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Graphics/Benchmarks

Graphics: Intel, Mesa, DRM, and NVIDIA

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Graphics/Benchmarks
  • Intel Begins Teasing Their Discrete Graphics Card
  • Mesa 18.2-RC3 Released With Two Dozen Fixes

    Mesa 18.2 as the next quarterly feature release to the contained OpenGL/Vulkan drivers is about two weeks out if all goes well, but today for testing Mesa 18.2-RC3 is now available.

  • DRM Updates Sent In For Linux 4.19 With New VKMS Driver, Intel Icelake Work

    David Airlie has submitted the Direct Rendering Manager (DRM) updates for the Linux 4.19 kernel merge window with these various open-source graphics/display driver updates.

  • NVIDIA are working towards better support for NVIDIA Optimus on Linux

    Thanks to a little Twitter tip, we've learned today that NVIDIA are indeed working to provide better support for NVIDIA Optimus on Linux.

    Currently, if you have a laptop with NVIDIA Optimus the official NVIDIA driver gives you the option between using the Intel GPU or switching over to the NVIDIA GPU. It doesn't handle it like you would expect it to on Windows, where it would offload the work to the more powerful NVIDIA GPU. Not an ideal situation, to switch between the two GPUs and from when I had a laptop with one (some time ago) it required logging out before it would take effect.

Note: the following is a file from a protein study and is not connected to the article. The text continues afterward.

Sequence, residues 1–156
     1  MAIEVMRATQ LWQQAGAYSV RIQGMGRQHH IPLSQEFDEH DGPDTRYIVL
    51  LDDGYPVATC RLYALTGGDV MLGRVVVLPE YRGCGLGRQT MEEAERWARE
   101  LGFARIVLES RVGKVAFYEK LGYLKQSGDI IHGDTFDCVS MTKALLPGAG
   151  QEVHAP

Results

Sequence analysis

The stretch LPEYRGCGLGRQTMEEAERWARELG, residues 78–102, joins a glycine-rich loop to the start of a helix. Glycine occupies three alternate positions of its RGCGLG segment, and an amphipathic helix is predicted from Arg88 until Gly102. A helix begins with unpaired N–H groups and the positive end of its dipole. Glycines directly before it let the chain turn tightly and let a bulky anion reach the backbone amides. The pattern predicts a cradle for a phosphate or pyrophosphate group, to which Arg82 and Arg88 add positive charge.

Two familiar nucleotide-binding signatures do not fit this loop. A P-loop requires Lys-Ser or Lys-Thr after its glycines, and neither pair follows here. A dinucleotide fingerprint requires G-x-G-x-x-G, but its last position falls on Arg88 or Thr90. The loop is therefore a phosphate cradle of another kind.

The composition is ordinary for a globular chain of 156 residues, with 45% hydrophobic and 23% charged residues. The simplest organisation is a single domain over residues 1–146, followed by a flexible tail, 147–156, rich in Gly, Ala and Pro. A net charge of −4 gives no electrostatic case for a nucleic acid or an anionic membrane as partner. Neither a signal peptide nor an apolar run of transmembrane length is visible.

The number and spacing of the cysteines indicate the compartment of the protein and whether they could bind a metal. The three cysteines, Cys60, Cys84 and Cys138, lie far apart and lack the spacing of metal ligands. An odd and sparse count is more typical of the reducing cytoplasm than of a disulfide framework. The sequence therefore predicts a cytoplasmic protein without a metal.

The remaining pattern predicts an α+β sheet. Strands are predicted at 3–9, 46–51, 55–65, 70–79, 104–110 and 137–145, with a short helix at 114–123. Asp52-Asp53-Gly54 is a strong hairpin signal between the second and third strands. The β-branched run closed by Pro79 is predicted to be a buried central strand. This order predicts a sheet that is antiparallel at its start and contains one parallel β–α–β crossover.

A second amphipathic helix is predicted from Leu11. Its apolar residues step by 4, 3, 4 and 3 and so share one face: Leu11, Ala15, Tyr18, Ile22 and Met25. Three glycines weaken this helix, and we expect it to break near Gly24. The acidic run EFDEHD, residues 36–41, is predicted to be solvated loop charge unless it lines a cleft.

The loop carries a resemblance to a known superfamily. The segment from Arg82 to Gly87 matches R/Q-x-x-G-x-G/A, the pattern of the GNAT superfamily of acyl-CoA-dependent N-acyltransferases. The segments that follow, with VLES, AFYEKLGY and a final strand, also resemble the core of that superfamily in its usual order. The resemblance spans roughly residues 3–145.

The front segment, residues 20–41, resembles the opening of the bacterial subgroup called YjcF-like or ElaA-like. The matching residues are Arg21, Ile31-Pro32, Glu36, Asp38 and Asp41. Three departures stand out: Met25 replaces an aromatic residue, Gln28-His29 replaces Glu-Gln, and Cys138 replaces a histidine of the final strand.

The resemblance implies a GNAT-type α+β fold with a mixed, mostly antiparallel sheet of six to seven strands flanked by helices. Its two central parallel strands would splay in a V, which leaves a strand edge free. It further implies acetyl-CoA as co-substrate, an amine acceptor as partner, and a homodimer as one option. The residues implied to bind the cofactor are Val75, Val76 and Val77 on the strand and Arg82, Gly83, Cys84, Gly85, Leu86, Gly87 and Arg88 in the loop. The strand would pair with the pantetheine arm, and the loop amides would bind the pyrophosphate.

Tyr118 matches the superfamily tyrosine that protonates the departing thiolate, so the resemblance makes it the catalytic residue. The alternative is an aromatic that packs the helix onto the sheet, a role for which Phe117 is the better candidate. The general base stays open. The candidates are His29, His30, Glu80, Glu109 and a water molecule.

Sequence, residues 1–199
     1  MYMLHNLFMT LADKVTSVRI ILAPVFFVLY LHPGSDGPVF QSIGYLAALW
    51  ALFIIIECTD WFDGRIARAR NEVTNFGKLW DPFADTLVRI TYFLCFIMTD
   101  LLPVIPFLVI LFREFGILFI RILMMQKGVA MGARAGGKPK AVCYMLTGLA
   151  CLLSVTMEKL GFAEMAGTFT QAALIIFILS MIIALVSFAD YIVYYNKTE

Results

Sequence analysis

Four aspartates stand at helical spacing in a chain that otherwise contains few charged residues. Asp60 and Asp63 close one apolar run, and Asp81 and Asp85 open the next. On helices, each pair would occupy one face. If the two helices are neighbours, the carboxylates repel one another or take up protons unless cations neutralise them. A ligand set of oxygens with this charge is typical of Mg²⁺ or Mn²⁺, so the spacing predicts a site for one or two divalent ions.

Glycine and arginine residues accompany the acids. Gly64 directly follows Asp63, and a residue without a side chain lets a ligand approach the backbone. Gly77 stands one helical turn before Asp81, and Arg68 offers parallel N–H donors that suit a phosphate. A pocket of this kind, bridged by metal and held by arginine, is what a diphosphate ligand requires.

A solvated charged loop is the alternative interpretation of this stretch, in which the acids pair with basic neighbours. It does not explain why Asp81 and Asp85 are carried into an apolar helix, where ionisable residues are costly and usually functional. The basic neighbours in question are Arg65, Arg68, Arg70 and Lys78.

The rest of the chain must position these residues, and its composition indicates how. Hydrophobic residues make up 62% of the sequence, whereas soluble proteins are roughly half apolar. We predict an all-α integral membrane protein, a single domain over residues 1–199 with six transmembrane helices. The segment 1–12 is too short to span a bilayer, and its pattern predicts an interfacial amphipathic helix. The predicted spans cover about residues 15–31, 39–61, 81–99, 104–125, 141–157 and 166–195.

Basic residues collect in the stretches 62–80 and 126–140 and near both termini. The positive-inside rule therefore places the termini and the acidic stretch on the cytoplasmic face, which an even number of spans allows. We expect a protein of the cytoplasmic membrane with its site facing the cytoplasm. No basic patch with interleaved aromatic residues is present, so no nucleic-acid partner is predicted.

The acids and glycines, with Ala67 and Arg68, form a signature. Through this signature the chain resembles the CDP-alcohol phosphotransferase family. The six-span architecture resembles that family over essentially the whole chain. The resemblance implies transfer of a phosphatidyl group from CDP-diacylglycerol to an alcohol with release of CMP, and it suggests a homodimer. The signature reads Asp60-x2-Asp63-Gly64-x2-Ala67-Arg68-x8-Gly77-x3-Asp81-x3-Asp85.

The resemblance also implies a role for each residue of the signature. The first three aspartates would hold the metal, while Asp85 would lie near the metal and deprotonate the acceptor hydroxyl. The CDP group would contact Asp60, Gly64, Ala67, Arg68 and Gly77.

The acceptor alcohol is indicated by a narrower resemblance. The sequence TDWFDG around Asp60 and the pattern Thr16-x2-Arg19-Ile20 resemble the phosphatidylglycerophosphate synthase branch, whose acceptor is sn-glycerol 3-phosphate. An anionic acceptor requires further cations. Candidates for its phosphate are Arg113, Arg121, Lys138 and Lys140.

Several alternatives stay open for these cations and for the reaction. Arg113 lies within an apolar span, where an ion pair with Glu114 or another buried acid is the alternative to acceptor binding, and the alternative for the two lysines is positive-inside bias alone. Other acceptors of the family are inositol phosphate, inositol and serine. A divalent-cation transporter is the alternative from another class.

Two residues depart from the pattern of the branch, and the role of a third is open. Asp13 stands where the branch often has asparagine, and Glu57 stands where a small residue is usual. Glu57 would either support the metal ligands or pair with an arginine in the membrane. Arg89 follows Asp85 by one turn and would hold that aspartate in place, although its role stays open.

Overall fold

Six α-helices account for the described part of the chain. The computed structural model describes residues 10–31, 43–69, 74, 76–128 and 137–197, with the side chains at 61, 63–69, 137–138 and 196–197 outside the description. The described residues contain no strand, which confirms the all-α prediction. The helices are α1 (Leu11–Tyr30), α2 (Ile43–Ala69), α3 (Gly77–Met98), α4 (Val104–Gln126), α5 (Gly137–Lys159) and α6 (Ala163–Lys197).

Graphics: Libinput 1.12 RC2, xf86-video-v4l v0.3.0, Intel DRM Driver and RADV Vulkan Driver

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Graphics/Benchmarks
  • [ANNOUNCE] libinput 1.11.902

    The second RC for libinput 1.12 is now available.

    First a heads-up, this is probably going to be a longer RC cycle than usual,
    just look at the commit count for rc1..rc2 below. I don't have any
    additional large features planned for 1.12, so the rest should just be
    bugfixing and polishing now.

  • Libinput 1.12 RC2 Continues Working On Improving Linux Touchpad Behavior

    We've known libinput 1.12 is going to be a significant release and that's still holding true in looking at the second release candidate for this Wayland/X.Org input handling library.

    Libinput 1.12 RC1 was working on replacing its udev "hwdb" hardware database with its own quirk handling system, migrating documentation from Sphinx to ReadTheDocs, FreeBSD support, improved trackpoint code, various touchpad fixes and improvements, and other input handling tweaks.

  • xf86-video-v4l X.Org Driver Sees First New Release In A Decade

    The xf86-video-v4l v0.3.0 driver was announced today as the first new release for this DDX driver in ten years.

    In case you don't have any recollection of this DDX driver, this "Video 4 Linux adapter driver" is used for registering generic X-Video (Xv) adapters that can be used in turn by any graphics driver.